8. Needs and resources • Financial • Infrastructure • Guidance and support • Training • Assistance with identification • Better sampling, encompassing checklists • Opportunity • Filling the fungal gaps • Engagement and meeting others

  9. CapacityMycology in Africa: what is needed • Collection trips

  10. CapacityMycology in Africa: what is needed • Processing, preserving and identification

  11. But what is unique, what is exciting • Clean slate • Untapped and unique biodiversity to be explored • Untapped and unique applications, various technologies • Unique indigenous knowledge • Incredibly talented, diverse and passionate people doing much with little, often at an international level • Global connections and assistance • Emerging good will in country constitutions towards biological research • Fungal conservation • No fungi are on red lists of any country

  12. Creating awareness • Ethnomycology • SaFungi ( – amateur mycology • African Mycological Association ( – professional and amateur • African Workgroup for Fungal Conservation, affiliated to International Society for Fungal Conservation • And other initiatives

  13. The possible way forward • How can we deal with so many fungi, so few mycologists, so many pressures and so few resources? • How can we get message across to government, conservationists, biodiversity officials and the public that we need to work with these fungi? • How to promote sustainable projects and stimulate mycological research?

  14. A common goal to enthuse and unite • Explore and document biodiversity in a systematic, targeted way • High quality data • Boost collections and checklists • Explore potential uses of fungi • Applications in fields impacting on humans, i.e. plant pathology, mycotoxins, industrial mycology • New technologies to do large scale ecological studies using metagenetics Establishing networks or consortia and producing focused research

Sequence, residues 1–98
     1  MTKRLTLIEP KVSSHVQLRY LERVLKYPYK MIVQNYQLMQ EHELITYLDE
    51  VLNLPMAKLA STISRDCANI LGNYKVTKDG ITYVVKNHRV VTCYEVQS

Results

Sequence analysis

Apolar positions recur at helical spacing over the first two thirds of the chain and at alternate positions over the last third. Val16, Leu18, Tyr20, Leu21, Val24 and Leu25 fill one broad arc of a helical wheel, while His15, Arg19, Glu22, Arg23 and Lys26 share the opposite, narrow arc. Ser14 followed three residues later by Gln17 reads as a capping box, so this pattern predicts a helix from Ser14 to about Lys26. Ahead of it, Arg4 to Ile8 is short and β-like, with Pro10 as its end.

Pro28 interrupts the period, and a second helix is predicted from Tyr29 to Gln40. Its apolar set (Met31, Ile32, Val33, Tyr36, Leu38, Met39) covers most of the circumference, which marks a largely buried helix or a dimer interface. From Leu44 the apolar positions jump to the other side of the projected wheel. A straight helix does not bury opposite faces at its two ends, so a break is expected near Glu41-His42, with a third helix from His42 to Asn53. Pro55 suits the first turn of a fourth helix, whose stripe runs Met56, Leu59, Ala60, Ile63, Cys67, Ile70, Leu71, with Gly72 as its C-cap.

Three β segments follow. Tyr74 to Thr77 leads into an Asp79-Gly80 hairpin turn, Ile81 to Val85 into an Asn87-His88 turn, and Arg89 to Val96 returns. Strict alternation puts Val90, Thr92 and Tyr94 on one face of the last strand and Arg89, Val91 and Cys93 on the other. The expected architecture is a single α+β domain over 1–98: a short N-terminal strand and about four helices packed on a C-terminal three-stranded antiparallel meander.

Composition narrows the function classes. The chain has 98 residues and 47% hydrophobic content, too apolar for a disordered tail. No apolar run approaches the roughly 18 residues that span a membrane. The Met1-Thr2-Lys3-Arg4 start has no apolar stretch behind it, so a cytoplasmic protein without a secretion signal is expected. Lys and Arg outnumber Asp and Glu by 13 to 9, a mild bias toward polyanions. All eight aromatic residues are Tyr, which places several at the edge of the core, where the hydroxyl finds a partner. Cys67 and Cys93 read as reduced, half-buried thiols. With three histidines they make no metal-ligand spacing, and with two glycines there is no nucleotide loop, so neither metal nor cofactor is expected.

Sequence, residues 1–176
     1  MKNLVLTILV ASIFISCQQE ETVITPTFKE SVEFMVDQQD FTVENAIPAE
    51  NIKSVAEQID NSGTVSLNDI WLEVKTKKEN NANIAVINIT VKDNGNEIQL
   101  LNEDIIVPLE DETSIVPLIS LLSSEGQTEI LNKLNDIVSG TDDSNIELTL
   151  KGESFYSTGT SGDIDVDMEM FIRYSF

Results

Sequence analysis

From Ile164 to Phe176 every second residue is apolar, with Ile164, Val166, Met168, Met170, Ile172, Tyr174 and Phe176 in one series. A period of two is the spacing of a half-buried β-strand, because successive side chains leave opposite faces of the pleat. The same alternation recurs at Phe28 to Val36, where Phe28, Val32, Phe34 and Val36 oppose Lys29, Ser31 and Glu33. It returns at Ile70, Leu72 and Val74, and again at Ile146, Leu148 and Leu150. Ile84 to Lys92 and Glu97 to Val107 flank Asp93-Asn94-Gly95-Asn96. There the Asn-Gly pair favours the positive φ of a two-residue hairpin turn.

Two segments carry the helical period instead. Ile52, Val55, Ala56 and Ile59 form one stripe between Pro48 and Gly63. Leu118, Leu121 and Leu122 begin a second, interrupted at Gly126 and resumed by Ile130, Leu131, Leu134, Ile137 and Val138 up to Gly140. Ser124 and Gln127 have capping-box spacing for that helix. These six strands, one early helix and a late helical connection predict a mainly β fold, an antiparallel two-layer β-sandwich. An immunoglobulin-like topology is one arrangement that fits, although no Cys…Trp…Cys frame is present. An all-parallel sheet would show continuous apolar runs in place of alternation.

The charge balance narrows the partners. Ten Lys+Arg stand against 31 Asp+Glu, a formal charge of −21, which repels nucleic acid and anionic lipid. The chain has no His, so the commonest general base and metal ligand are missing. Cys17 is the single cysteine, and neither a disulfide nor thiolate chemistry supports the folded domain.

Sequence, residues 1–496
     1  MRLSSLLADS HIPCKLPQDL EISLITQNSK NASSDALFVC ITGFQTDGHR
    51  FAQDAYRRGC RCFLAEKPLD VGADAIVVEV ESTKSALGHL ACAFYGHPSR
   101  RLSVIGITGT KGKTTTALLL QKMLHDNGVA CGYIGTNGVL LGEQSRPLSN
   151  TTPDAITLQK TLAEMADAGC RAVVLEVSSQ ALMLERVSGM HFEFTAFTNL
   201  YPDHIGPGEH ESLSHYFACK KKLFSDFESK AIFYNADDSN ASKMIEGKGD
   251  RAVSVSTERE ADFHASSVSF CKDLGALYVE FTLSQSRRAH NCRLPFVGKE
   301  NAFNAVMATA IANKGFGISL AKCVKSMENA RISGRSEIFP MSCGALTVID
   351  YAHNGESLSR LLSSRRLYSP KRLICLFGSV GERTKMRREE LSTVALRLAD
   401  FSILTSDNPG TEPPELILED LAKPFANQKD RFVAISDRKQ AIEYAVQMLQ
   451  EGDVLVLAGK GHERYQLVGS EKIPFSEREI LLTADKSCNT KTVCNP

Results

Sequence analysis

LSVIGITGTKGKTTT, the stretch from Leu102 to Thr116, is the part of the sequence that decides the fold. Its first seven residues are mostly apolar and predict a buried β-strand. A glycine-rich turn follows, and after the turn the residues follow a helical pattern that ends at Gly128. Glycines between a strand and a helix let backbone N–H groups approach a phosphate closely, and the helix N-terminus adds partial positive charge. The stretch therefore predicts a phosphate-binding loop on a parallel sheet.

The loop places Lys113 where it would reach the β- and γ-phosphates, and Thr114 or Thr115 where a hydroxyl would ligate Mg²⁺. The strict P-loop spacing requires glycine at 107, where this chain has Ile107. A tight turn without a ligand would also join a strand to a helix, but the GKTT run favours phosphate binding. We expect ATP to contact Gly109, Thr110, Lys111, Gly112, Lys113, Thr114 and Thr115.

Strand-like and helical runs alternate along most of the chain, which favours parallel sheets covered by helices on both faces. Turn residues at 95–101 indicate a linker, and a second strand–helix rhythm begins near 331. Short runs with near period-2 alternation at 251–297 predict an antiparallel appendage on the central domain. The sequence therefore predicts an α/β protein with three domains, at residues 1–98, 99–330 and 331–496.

15. How BARCODE OF LIFE can help Pyrosequence data of endophytes. • Pipelines • Data management • Identification of gaps • Assistance, training and expertise, including understanding of legislature • Infrastructure and capacity • Networks, aids collaboration, assist meetings, recruits people, especially on an international level • Outreach, raising awareness and dissemination • New technologies • Quality control • Leverage and assistance with fund raising

  16. Challenges • For a group of fungi that are poorly described in a continent with a large proportion of undiscovered fungi, barcoding has some challenges • First level: • Most are new species • Assistance is needed even with known species • Difficulty when blasting • Second level: • Deciding on species limits, % similarity cut-offs and meaning of snp’s • Multiple genes and phylogenetic analyses necessary for proper identification of known groups • Taxonomic descriptions • Standardized pipeline and coordination necessary • Solid, high quality foundation necessary is thus needed

  17. Challenges • Series of carefully planned surveys needed to build library systematically • Building of a database or library enriched with taxonomic studies will be very useful to aid in identification based on barcoding • Enables local sequence searches • Future collections may expand species with few isolates or singleton or doubleton species, and more species will improve resolution • Vouchers exists and quality control • Use of environmental barcoding to make meaningful impact to study large numbers and diversity of fungi in Africa

  18. Acknowledgements Dr Joyce Jefwa, Kenya (Kenya)